The Right’s attacks on Medicaid expansion grow more desperate

The Right’s attacks on Medicaid expansion grow more desperate

- in Top Story, Weekly Briefing
Image: Adobe Stock

You’d think the emergence of the coronavirus would, at long last, have shamed North Carolina’s political right into an embarrassed silence on the topic of Medicaid expansion. After all, it’s one thing to blithely claim that hundreds of thousands of hard-working people would be better off without health insurance coverage when the nation isn’t in the middle of a dangerous health epidemic. To do so at a moment like the present, however, is enough to raise serious concerns about the mental wellbeing of those issuing such utterances.

After all, when COVID-19 comes to call on their communities – particularly in rural areas that have watched their healthcare infrastructure evaporate in recent years because of the failure to expand Medicaid – people across North Carolina will need more than the conservative recipe of expanded “telemedicine” and “market-driven” price reductions.

At such moments, people want, need and deserve the right to visit a competent health care professional who will provide them with quality, in-person care at a price that will not threaten their financial wellbeing or dissuade them from seeking care in the first place.

Not only is universal health coverage a moral imperative in 2020; it’s a common sense public health imperative – especially right now, when the last thing we need is for people to be waffling on whether to contact a doctor about their nagging respiratory illness for fear of being unable to pay the bill.

Unfortunately, for the unrepentant inhabitants over on Trump Avenue, embarrassment is an emotion that they apparently foreswore long ago. And so it has come to be in recent days – a time in which the seminal policy question ought to be about how fast our state can finally implement Medicaid expansion – that the Right has launched a new and coordinated series of attacks designed to keep more than one-in-ten people uninsured.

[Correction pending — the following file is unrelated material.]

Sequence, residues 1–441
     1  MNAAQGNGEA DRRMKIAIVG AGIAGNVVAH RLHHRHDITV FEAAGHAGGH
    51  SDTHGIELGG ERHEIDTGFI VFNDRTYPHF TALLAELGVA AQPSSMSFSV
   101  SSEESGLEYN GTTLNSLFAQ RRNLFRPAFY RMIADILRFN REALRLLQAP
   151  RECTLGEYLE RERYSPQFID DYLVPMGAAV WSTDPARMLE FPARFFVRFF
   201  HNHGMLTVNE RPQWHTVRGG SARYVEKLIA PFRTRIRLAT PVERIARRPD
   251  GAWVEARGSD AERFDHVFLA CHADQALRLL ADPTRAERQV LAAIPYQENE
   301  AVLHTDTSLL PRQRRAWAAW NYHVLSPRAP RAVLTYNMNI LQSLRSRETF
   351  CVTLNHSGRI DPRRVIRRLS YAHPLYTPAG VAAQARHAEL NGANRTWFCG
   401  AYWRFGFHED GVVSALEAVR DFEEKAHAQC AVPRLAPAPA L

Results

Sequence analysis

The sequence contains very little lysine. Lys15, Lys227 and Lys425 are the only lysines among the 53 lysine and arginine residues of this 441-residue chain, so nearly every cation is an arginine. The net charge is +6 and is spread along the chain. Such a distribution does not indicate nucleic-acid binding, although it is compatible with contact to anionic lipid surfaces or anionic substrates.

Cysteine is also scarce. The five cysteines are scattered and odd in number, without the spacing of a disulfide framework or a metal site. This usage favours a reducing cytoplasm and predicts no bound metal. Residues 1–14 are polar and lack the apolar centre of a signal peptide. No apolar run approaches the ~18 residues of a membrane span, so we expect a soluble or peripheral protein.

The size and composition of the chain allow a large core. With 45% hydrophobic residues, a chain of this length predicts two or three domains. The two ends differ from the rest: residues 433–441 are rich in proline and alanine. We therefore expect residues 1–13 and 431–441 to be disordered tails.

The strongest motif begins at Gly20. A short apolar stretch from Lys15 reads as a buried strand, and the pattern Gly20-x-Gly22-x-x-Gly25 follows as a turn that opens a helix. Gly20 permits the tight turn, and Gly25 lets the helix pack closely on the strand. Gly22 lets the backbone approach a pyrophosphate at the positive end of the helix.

Among the new/recycled and readily debunked claims:

  • The cockamamie assertion by a group that calls itself the Carolina Partnership for Reform that Medicaid expansion would somehow cause two million North Carolinians currently covered by private health insurance to abandon their coverage in a mad rush to get on the “welfare” dole;
  • New claims from the Civitas Institute that bringing hundreds of millions of federal dollars into the state to expand Medicaid will not create new jobs or aid rural hospitals; and
  • In keeping with the repeated assertion that it would be wrong to expand the program until it’s fully “reformed,” a new John Locke Foundation broadside claiming that the Cooper administration is not exercising adequate oversight of the current Medicaid program.

The truth, of course, is that Medicaid expansion has been an enormous success in the 37 states in which it has been implemented. As an in-depth literature review conducted by the Kaiser Family Foundation explained last August, “Research indicates that the expansion is linked to gains in coverage; improvements in access, financial security, and some measures of health status/outcomes; and economic benefits for states and providers.

What’s more, the notion advanced by the Carolina Partnership for Reform – a shadow political group that lacks the courage even to list its staff (or the authors of the articles it publishes) on its website – has been repeatedly debunked by experts.

Has Medicaid expansion been flawless? Of course not. Medicaid expansion has involved the relatively rapid growth of an imperfect public program that exists within a gargantuan, hyper-complex public-private health care system. As anyone who has ever tried to deal with their private heath insurance company can attest, big bureaucracies are tough to run – especially ones that serve millions of people, oversee billions of dollars and deal with hundreds of complex rules and regulations.

The same could be said for any number of large public and private institutions. The public schools are certainly imperfect, but does that mean that we shouldn’t enroll any new students until we’ve completely “reformed” them? By the “logic” expressed by the Medicaid expansion naysayers, scores of essential public services would remain in a permanent state of suspended animation.

But, of course, the Trumpian right isn’t really interested in making Medicaid a success or helping the program to fulfill its mission of providing access to health care for millions of Americans. As researchers at Georgetown University reported last month, the latest Trump budget proposal would slash federal Medicaid spending by “at least” $1 trillion over the next decade – a proposal that would prove devastating to the program and the people it serves.

The threefold bottom line: a) now more than ever, Americans need access to affordable health care, b) increasingly, they appear disposed to support political candidates who will work to secure it for them, and c) as it has in so many other areas of policy discourse for so long, when it comes to Medicaid expansion, the Right has latched itself onto yet another lost cause.